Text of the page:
I’ve got to make an early breakfast in the city this morning, so I will keep this note short.
All eyes today are on the Federal Reserve, again, which will do nothing, again. They may hold to the notion that rates are going to rise before the end of the year, again, but that likely will be disrupted by further evidence of economic turbulence, again. For those of us on the outside, it is getting a little tedious.
Inside the marble walls, though, I suspect things have gotten tense. Fed officials are clinging to that flimsy reed known as the Phillips curve, which posits lower unemployment will lead to higher inflation and lies at the core of the Fed’s approach to policy. They can’t let go because they aren’t sure what to grab in its stead. We are in uncharted monetary policy waters, heading on seven years of zero interest rates, and no clear end in sight. There will be financial and economic consequences; we just don’t know yet what they are or when they will appear. Remarkable how hazy the “science” of macroeconomics remains.
More news below. And if you are looking for alternatives to the Fed, check out this story about Barry Silbert’s new effort to fund bitcoin and other blockchain technologies.
• Walgreens to buy Rite Aid
Walgreens Boots Alliance has agreed to pay $9.4 billion to buy smaller rival Rite Aid, as well as assume all of its debt, a deal that will make the combined entity larger than CVS Health. Walgreens is paying $9 per share, a 48% premium to Rite Aid’s closing price on Monday and also far above the trading price of $1 where Rite Aid sat just a few years ago after it was stung with high debt after some pre-financial crisis acquisitions. Fortune
• Twitter investors want results
Shares of Twitter took a dive after the social media company reported dismal user growth and lowered guidance in its third-quarter earnings report. And commentary from CEO Jack Dorsey and two other top executives avoided revealing new details for investors to get excited about regarding a possible turnaround. “We want to balance investment in growth opportunities in front of us, but not invest blindly,” said CFO Anthony Noto. Fortune
• Volkswagen stung by quarterly loss
The German auto maker – hurt by an emissions scandal that led it to book a steep charge – swung to its first quarterly loss in over 15 years in the third quarter. Volkswagen reported underlying operating profit rose at all of its largest brands, including VW and Audi, though it is important to note these figures were helped by the weakness of the euro and not yet hurt by the emissions scandal that broke late in the quarter. Investors were encouraged by Volkswagen’s cash pile: it had $30.7 billion on hand at the end of last month. Fortune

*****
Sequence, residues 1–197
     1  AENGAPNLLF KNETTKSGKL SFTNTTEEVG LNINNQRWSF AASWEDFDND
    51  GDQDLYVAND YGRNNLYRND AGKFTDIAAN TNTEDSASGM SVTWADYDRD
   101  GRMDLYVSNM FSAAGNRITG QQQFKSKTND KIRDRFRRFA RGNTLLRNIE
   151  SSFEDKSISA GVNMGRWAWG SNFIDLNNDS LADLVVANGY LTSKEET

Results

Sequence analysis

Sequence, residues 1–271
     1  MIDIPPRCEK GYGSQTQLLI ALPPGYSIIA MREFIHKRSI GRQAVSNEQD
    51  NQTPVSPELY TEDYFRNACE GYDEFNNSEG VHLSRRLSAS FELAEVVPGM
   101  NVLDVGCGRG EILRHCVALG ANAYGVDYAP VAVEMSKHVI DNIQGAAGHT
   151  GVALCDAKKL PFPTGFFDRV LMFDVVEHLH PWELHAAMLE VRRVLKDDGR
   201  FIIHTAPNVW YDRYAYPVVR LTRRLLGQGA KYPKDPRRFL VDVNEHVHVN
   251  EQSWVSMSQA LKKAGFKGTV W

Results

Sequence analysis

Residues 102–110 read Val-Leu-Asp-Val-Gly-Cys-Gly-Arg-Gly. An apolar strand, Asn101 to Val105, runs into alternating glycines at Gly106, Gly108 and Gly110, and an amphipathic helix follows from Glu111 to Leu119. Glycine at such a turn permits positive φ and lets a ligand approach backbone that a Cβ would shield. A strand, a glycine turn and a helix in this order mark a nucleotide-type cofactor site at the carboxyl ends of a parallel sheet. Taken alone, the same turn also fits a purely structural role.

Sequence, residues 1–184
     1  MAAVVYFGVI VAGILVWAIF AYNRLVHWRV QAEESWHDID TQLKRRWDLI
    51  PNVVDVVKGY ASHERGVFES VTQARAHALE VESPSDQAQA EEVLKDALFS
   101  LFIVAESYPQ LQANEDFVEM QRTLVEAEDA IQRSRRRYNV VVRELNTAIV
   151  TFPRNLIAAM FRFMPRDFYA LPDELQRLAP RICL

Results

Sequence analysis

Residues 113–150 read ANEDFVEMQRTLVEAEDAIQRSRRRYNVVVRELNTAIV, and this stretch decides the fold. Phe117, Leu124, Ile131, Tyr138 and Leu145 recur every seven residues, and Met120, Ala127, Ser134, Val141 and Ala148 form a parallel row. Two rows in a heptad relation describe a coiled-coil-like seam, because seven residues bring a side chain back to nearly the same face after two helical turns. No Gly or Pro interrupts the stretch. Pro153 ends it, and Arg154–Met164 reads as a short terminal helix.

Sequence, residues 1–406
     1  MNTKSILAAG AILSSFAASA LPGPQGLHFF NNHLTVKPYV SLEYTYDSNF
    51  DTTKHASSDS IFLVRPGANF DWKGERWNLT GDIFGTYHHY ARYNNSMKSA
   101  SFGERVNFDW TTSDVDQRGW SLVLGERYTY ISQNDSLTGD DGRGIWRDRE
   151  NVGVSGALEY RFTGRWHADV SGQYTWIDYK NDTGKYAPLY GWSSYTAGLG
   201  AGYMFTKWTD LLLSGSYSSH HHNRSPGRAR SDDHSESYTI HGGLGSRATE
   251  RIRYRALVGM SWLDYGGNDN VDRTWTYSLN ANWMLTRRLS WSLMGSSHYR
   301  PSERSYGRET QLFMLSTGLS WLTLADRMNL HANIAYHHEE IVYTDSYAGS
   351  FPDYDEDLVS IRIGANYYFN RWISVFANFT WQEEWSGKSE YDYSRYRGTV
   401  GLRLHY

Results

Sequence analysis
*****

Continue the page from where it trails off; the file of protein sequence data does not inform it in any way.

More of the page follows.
• Apple’s holiday forecast disappoints
Apple can certainly claim to be one of the most consistent tech companies: for 12 straight quarters, it has beat Wall Street expectations. CEO Tim Cook on Tuesday said fiscal 2015 was Apple’s most successful year ever, with revenue jumping 28% to almost $234 billion. But investors were disappointed in a holiday quarter forecast that didn’t blow past expectations. There has been concern that stellar sales of the iPhone 6 and iPhone 6 Plus last year will be too hard to top this year with new models for those devices. USA Today
• Chinese firms battling for Starwood
The Wall Street Journal has reported at least three large Chinese firms are battling to win Beijing’s approval to bid for Starwood Hotel & Resorts Worldwide, aiming to scoop up a chain that has more than 1,200 properties world-wide. A deal for Starwood wouldn’t exactly be a surprise, as the hotel operator’s board earlier this year said it would be open to a sale amid worries it wasn’t growing as fast as rivals. Because of the size of the deal, the Chinese government wants only one domestic firm to make a bid, WSJ reports, so they don’t drive up the price by placing rival bids. WSJ (subscription required)
Around the Water Cooler
• Apple Pay partners with AmEx
Apple Pay is set to expand into new international markets this year and in 2016 by partnering with American Express to bring the mobile payments service into several nations abroad. Currently available in the U.S. and U.K., the technology lets users upload payment card information and then use their iPhone or Apple watch to pay for purchases at retailers. The AmEx pact helps Apple distance itself from Android Pay. But Apple still lacks two other credit card providers – Visa and MasterCard. Fortune
• Northrop Grumman wins big contract
The Pentagon has awarded a contract worth more than $20 billion to Northrop Grumman to build new long-range bombers for the U.S. Air Force, following the most fiercely fought weapons contest in over a decade, according to the Wall Street Journal. The defense contractor won the bid over Boeing and Lockheed Martin to build the first 21 jets to replace aging planes, and observers believe the contract could eventually be worth $80 billion and provide 100 planes in total. Shares of Northrop Grumman rose on the news, though some observers say Boeing would likely protest the decision. WSJ (subscription required)